Mora's Massachusetts probation was not terminated until December 22, 1998, so it was pending when he committed the instant offense on March 23, 1998. Mora's criminal history score was properly increased by two points. See U.S.S.G. 4A1.1(d)("Add 2 points if the defendant committed the instant offense while under any criminal justice sentence, including probation ..."). The Sentencing Guidelines provide that a defendant who commits a crime "while a violation warrant from a prior sentence is outstanding" remains under a criminal justice sentence for purposes of U.S.S.G. 4A1.1(d) "even if that sentence would have expired absent such warrant." U.S.S.G. 4A1.2(m).

Mora argues the U.S.S.G. 4A1.1(d) increase in his criminal history score was improper and his counsel was ineffective for not objecting, but Mora was on probation and subject to an arrest warrant for failing to appear in Massachusetts at the time this offense was committed, so the two-point criminal history sentence enhancement was appropriate. Objection to this enhancement by Mora's trial counsel would have been meritless, so trial counsel's assistance was not ineffective. See Strickland, 466 U.S. at 690.


Mora has not shown his trial counsel's assistance was objectively unreasonable. The instant petition under 28 U.S.C. 2255 will be denied. There are no grounds for a certificate of appealability.

An appropriate order follows.




: v. :

: MIGUEL MORA : NO. 98-310-01


AND NOW, this 26th day of March, 2002, upon consideration of Miguel Mora's petition for writ of habeas corpus under 28 U.S.C. 2255, de novo review of the record and the parties' memoranda, after a hearing held on January 4th, 2002 in which all parties were heard, and in accordance with the foregoing memorandum, it is hereby ORDERED that:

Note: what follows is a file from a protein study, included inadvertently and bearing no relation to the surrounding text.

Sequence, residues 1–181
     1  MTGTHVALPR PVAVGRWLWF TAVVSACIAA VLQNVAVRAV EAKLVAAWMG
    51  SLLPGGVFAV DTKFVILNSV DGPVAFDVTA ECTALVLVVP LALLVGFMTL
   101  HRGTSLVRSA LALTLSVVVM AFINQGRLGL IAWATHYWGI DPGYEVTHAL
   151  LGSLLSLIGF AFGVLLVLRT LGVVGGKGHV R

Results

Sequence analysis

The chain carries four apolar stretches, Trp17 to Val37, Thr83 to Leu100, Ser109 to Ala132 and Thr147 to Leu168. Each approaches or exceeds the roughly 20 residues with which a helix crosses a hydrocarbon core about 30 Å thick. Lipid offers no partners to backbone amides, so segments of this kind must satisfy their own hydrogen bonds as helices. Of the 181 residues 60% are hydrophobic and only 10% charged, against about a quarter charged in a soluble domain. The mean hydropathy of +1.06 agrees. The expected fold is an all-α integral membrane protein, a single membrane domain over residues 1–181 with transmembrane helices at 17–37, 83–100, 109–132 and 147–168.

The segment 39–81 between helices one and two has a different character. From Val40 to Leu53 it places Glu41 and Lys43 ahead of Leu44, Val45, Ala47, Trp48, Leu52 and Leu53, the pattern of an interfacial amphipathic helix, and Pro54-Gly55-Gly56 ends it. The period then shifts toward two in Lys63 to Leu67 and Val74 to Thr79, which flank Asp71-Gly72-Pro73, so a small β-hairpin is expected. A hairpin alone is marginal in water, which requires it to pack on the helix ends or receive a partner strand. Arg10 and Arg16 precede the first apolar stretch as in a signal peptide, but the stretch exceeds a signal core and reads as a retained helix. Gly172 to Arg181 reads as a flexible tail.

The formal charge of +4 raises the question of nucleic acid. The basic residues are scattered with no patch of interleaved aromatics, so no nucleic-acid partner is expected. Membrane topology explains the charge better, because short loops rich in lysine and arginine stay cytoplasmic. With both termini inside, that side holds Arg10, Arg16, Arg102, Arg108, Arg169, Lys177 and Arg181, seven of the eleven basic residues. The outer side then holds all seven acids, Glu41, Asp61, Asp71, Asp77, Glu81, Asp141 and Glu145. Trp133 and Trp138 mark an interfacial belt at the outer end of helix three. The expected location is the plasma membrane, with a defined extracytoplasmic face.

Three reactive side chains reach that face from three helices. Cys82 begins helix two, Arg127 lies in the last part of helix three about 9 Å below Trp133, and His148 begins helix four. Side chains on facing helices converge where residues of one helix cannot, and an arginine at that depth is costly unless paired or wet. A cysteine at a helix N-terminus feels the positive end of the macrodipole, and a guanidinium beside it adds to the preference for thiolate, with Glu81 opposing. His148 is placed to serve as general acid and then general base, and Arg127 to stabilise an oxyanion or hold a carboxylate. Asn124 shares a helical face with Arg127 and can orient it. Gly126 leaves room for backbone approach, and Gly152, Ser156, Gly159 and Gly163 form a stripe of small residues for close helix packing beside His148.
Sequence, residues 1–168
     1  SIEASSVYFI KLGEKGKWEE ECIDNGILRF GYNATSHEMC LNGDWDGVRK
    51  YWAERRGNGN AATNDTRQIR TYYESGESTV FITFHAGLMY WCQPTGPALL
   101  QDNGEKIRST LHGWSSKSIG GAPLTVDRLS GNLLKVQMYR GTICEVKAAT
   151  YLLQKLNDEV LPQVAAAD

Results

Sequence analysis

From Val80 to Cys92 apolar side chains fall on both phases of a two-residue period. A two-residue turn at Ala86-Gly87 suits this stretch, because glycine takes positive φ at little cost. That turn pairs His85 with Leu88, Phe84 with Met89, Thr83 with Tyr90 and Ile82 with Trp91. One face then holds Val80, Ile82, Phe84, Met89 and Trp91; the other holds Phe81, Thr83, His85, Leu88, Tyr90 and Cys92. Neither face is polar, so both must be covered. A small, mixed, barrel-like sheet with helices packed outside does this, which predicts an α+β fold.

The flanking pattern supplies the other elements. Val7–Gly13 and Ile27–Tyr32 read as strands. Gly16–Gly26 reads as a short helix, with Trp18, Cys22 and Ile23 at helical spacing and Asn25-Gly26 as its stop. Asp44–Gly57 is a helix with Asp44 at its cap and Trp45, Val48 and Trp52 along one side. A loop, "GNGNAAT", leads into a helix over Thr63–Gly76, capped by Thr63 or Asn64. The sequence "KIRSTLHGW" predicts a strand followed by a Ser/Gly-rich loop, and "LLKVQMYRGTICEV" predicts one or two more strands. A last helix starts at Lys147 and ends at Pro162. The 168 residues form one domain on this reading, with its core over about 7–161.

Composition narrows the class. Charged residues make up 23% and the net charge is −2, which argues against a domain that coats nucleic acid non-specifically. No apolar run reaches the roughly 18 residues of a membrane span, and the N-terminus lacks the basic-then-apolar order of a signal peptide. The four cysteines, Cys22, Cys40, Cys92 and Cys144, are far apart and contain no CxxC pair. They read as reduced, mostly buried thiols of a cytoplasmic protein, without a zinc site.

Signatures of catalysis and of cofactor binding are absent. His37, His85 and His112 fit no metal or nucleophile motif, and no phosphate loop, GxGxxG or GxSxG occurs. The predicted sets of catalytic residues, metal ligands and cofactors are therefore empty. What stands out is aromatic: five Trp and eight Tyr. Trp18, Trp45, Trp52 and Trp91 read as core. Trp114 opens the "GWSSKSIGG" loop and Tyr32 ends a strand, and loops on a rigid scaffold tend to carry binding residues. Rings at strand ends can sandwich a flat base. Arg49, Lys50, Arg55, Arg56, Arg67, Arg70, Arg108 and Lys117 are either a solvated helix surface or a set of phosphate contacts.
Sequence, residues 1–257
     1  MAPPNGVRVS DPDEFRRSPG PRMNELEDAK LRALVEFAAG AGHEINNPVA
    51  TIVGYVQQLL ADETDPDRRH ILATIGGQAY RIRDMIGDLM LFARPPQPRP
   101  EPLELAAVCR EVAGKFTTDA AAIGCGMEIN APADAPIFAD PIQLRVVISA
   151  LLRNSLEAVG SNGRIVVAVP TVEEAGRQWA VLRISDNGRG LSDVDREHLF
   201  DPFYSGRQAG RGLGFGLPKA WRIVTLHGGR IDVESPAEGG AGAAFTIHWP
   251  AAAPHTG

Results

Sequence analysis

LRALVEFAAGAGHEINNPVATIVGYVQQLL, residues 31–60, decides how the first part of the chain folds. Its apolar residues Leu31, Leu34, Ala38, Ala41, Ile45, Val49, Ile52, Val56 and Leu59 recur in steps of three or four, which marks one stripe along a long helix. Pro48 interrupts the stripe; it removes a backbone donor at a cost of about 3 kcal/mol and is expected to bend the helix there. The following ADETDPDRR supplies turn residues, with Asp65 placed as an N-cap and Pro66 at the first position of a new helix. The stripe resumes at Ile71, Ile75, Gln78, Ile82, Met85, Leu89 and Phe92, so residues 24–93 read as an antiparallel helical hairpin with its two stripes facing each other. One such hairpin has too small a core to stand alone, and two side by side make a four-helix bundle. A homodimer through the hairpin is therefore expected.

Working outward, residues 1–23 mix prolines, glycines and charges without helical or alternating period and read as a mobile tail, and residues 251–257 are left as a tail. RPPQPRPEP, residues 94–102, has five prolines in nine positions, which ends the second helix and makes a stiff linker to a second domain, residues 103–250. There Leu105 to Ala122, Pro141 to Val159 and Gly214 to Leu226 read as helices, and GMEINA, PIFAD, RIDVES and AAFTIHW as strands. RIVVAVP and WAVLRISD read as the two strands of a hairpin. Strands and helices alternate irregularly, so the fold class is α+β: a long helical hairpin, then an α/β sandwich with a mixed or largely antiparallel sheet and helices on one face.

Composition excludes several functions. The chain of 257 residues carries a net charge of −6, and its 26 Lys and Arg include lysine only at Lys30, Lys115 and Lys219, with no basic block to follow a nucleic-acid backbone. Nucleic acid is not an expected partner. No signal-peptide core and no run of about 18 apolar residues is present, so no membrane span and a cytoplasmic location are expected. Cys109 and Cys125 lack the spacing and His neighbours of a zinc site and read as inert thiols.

1. Mora has not established his trial counsel's representation was objectively unreasonable under Strickland v. Washington, 466 U.S. 668 (1984). There being no other grounds presented for habeas corpus, the petition is DENIED AND DISMISSED.

2. There is no probable cause to issue a certificate of appealability.

Norma L. Shapiro, S.J.

1. This claim, predicated on Mora's ineligibility for certain benefits (such as possible house arrest) under 18 U.S.C. 3624(c) because of his deportable alien status, was not raised until Mora's counselled, supplemental memorandum.

2. A deportable alien may be eligible for benefits under 18 U.S.C. 3624(c) if: (1) he has verified and strong family or community ties in the U.S., a verified history of over five years' domicile in the U.S., and a verified history of stable U.S. employment; or (2) the INS determines he will not be deported; or (3) the Regional Director of the Bureau of Prisons waives the requirements. See Federal Bureau of Prisons, Programs Statement 5100.04: Security Designation and Custody Classification Manual, Chapter 2-6 (September 3, 1999).

3. There is no split of authority when the offense at issue involves status as a deportable alien. See infra.

4. This argument appears only in Mora's pro se petition, not his counselled, supplemental memorandum.

5. This argument appears only in Mora's pro se petition, not his counselled, supplemental memorandum.